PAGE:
Carol Goodman Kaufman
Carol Goodman Kaufman
Carol Goodman Kaufman chairs Hadassah's Youth Aliyah B'nai Mitzvah program

Hadassah Launches B’nai Mitzvah Project for At-Risk Youth

Youth Aliyah students in the animal therapy program. All photos courtesy of Hadassah, the Women's Zionist Organization of America

As I listen to the news from Israel with my heart in my mouth, my thoughts go to those I have come to think of as my adopted children there: the students at Hadassah’s Youth Aliyah villages.

These at-risk youth, among the most vulnerable of the nation’s population, come to us from around the world and from the streets of Israel to find a home and a future. About one-third are young immigrants who come to Israel — alone — from countries in the FSU where it is no longer safe to live as a Jew. In fact, their parents, hoping to protect them, don’t even tell them that they are Jewish until they are teenagers. The rest of our students have family, but suffer from severe emotional, behavioral, and learning problems stemming from poverty, neglect and abuse.

And now, with rockets raining down on their homes, they face a true life-and-death threat.

By contrast, our teens here in the United States live their lives relatively free from existential worry.

We at Hadassah had an idea. Since most kids in the U.S. are required to do a tikkun olam project while preparing for their b’nai mitzvah, why not make Youth Aliyah their special mitzvah project?

Hadassah’s B’nai Mitzvah Project is designed to educate and empower young Jewish American students while raising much-needed funds for Youth Aliyah,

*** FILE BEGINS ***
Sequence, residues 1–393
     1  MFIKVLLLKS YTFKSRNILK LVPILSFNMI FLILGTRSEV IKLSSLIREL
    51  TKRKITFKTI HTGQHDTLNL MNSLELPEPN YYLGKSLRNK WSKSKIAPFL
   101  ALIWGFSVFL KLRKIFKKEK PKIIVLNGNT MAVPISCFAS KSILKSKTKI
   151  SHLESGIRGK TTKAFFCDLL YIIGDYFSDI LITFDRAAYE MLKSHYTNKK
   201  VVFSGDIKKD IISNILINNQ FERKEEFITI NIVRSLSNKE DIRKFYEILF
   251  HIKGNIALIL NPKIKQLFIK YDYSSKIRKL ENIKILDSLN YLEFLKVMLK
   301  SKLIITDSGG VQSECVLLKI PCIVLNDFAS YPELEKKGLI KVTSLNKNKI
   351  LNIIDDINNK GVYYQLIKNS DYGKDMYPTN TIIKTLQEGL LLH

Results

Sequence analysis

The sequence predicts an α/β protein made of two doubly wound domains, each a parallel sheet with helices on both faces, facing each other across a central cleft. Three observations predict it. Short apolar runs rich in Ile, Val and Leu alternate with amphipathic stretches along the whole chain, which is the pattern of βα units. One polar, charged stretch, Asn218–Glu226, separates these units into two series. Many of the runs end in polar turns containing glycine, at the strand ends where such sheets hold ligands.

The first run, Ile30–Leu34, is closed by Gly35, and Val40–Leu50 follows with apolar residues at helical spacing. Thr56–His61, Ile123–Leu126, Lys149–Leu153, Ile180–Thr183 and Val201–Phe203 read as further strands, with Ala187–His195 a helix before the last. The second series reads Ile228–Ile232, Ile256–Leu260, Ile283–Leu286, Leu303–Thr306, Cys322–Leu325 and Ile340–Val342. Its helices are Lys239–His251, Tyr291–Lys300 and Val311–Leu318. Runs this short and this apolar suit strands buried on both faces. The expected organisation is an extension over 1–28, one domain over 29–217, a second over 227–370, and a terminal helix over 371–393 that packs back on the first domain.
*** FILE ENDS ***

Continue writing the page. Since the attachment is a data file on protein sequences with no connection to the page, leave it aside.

B’nai mitzvah students are the same age as the youngest children in our Youth Aliyah villages, making this project a powerful way for our teens to empathize with kids who struggle. By taking part in this program, they can help teens who, just like them, have hopes and dreams but who face serious economic, emotional, and social challenges.

What better way to commemorate this special milestone in their lives than by helping others in need?

I invite you to join us in the truly transformative work Hadassah does in our youth villages.

To learn more, please visit mitzvahproject.

About the Author
After earning a Ph.D. in psychology, Carol Goodman Kaufman pursued post-doctoral work in criminology, during which time she wrote the book Sins of Omission: The Jewish Community's Reaction to Domestic Violence. A few years ago, she changed direction and began conducting research on food history, and now pens regular columns for both Jewish press and the Worcester Telegram & Gazette as well as freelance articles for regional and national publications. Her volunteer life spans four decades, and includes leadership positions with local, regional, and national organizations.
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